Monday, October 18, 2010

The things that we need

When we moved from Cairo to Beirut we had to make some hard decisions on what to take and what to leave behind. Firstly, we didn’t have a very large shipping allowance, and paying extra to ship things was just out of the question. Secondly, Lebanon, as Egypt, has very strict customs regulations, and as much as I wanted to bring my vacuum cleaner, beaters, my food processor, and our DVD player, it was simply not possible.

Packing was difficult. Giving things away was, at least, rewarding. In the end, it all went fairly well. This post is not about our move though; it’s about things.

What is interesting when you are forced to pick and choose among things you keep in your household is that it makes you decide what you really need, or what you cannot live without. Some things that we got rid of we knew we would want to – and just as important; would be able to - buy as soon as we got here; like an iron, beaters, pots and pans, towels, plates, cups, glasses, kitchen utensils, etc. Some things we made sure to bring with us because we knew from experience or suspected they might be hard to find, like a Swedish potato peeler, a ricer, our amazing bottle opener, measuring cups, and our water pick, etc. Some things we decided we would buy here because they make our lives so much easier and more effective, like a dryer and a microwave oven. We actually didn’t have a microwave oven in Cairo, because when we got there I didn’t think it would be necessary, and then when I started realizing that we would do better with one, we were closer to leaving than coming, and I didn’t want to spend the money. Here in Beirut I bought one within our first few days, and it is totally worth the money. We eat a lot more leftovers, saving lots of money on food, and cooking is easier and involves fewer dishes, which saves time. Many people think a dryer is unnecessary, but there’s no way I am hanging up 15 pairs of little boys’ underwear, 21 or more sets of socks, 22-30 pairs of pants or shorts, and closer to 30 boys’ shirts every week (that’s all on top of Courtney’s and my clothes), so we bought a dryer within our first week. It has been running ever since. We also bought a coffee maker. Only Courtney drinks coffee, so in Egypt he didn’t feel justified to spend money on an expensive machine. After three years of using the French press however, he put down his foot; brewed coffee is just so much better. SO we got him a coffee pot. It too, has been running ever since.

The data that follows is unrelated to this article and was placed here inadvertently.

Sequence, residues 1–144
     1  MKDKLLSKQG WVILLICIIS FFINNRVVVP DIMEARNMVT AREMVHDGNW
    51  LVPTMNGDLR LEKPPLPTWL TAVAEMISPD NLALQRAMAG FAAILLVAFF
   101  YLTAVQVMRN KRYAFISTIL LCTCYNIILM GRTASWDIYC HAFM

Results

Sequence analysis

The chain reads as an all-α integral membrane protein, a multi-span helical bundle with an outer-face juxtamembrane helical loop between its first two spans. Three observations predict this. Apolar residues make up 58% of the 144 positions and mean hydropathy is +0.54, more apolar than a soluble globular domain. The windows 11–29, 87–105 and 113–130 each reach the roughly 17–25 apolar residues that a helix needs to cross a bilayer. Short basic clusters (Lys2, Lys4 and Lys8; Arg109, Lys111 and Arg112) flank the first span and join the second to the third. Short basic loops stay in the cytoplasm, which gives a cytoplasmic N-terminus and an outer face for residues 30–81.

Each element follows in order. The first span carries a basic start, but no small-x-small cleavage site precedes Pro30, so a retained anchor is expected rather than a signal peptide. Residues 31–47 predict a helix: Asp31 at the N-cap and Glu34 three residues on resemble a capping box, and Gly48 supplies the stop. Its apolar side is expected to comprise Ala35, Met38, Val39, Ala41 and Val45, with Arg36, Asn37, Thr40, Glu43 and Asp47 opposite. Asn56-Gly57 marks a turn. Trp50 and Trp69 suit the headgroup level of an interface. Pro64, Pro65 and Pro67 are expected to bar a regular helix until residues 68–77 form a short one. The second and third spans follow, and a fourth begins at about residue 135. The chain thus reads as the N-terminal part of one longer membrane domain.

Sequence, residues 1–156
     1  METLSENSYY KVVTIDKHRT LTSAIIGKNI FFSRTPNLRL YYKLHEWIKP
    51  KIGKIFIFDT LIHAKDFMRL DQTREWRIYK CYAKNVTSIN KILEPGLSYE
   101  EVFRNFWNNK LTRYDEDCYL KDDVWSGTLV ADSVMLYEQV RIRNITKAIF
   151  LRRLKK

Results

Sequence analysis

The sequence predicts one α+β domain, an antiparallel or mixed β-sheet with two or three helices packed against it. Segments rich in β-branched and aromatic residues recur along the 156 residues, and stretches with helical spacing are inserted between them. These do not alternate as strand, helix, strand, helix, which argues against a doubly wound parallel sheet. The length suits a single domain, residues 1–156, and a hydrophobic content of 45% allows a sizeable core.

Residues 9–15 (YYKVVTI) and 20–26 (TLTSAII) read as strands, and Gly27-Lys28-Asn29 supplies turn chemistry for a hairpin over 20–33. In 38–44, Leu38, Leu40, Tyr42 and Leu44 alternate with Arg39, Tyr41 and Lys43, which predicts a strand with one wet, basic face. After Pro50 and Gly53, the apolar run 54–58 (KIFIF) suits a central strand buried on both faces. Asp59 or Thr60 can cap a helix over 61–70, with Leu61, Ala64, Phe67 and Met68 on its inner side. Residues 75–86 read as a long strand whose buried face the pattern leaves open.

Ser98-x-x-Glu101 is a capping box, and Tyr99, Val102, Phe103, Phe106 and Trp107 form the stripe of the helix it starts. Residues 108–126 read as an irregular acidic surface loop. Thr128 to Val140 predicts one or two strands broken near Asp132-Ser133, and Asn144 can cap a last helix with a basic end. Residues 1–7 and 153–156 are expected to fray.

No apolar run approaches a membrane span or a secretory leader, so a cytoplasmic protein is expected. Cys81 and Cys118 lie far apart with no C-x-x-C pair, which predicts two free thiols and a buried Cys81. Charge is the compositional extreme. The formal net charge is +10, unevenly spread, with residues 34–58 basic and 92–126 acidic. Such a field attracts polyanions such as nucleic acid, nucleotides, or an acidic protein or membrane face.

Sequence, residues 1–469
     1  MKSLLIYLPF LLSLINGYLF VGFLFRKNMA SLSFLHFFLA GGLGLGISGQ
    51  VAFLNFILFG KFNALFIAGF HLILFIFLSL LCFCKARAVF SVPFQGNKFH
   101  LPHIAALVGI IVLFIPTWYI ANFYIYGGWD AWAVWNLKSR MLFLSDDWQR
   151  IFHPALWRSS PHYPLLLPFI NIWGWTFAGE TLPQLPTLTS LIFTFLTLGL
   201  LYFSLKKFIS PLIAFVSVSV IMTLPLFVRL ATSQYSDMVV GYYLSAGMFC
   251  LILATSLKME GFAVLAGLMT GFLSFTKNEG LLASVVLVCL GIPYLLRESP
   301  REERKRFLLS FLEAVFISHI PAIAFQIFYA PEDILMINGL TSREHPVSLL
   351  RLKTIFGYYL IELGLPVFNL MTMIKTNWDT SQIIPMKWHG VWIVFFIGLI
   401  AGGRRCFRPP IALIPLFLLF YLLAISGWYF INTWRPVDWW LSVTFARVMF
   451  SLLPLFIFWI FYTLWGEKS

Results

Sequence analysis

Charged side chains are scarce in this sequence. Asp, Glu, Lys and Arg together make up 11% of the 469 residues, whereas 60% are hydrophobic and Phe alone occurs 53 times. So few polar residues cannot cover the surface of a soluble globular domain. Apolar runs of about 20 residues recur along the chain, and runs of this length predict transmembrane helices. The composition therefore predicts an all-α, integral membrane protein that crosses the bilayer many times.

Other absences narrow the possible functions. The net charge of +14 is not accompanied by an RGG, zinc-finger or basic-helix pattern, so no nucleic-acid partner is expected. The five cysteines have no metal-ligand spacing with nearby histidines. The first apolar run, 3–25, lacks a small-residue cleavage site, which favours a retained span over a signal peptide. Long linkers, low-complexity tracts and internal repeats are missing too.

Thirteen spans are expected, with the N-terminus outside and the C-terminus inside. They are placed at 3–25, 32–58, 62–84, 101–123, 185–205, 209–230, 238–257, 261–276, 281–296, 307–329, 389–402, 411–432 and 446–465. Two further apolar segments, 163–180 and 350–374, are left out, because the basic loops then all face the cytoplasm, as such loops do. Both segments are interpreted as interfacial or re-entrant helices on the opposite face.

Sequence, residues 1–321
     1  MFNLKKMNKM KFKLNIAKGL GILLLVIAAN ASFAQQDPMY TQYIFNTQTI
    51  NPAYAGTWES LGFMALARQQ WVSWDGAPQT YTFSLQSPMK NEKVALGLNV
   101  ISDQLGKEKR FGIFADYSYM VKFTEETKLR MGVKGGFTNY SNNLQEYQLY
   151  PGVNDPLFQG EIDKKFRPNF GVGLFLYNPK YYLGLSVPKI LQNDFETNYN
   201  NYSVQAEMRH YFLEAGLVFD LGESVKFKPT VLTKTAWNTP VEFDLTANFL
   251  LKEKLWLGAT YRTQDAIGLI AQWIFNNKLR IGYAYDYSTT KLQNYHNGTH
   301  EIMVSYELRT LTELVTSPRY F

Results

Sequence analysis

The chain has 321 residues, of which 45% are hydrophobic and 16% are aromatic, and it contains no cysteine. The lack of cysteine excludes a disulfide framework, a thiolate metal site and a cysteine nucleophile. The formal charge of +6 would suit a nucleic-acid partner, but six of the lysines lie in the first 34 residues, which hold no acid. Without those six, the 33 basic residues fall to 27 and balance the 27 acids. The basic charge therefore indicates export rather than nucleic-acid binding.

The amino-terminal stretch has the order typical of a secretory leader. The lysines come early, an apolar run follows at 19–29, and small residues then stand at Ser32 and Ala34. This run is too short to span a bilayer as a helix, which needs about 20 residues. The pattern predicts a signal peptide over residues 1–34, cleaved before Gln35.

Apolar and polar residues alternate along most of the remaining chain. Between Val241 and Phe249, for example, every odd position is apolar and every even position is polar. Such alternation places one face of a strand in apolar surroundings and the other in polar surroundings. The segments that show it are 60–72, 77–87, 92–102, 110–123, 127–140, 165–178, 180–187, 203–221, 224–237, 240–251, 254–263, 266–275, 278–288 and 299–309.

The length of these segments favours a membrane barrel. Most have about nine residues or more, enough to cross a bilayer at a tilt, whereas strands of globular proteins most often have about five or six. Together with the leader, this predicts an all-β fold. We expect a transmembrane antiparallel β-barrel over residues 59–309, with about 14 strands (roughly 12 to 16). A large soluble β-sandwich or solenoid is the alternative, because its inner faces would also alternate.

What was left behind? Our huge television; we can definitely live well without it. A lot of boys’ clothes and toys; some I would have liked to keep for Abraham, like the boys’ bikes, but I know it will be a while before he’ll want to get on a bike, and wherever we live then, I’m sure we can get a new bike. We left our large set of IVAR shelves. It had been with me since I left home for college in the beginning of the 90’s, and when we moved to Cairo I simply couldn’t part with it. For our move to Beirut, however, we decided we could use the kilos on something better. Surely they much have cheap bookshelves in Beirut! Ha! Boy, were we wrong! We wish we had kept that one!

What would you bring with you? What can you not live without?

1 comment:

  1. I gave away everything I owned when married and moved, and some of the things I have regretted giving away like, for example, some warm city style clothes and high heels - as we initially lived in a red sea resort I never thought i would need them again... But Cairo and northwards is a lot colder, and city style is quite appropriate there.
    I brought my laptop and camera of course, and my music. A few books I cannot do without, which are indeed also almost my only books since I hate to buy books that are worth reading only once. I still contemplate bringing my photo albums - my former life I sometimes long to reminisce.

    From more mundane things that are kind of a caprice rather than necessity - linen bedclothes, because linen is comfiest in hot times. By now I already know how to find Egyptian linen in Egypt, but it is still easier to find it outside and bring along :). And bedding - feather pillows, feather and wool comforters, because all that is available here is synthetic. A Kenwood kitchen machine, also already available here, but is used to be Brown only.

    I still "import" my shampoos and DIY eyebrow colour (here they use hair colour...) but at least good creams and cleansers are available, I do not stick to particular labels as long as the stuff inside is good. Potato peeler - yes! :)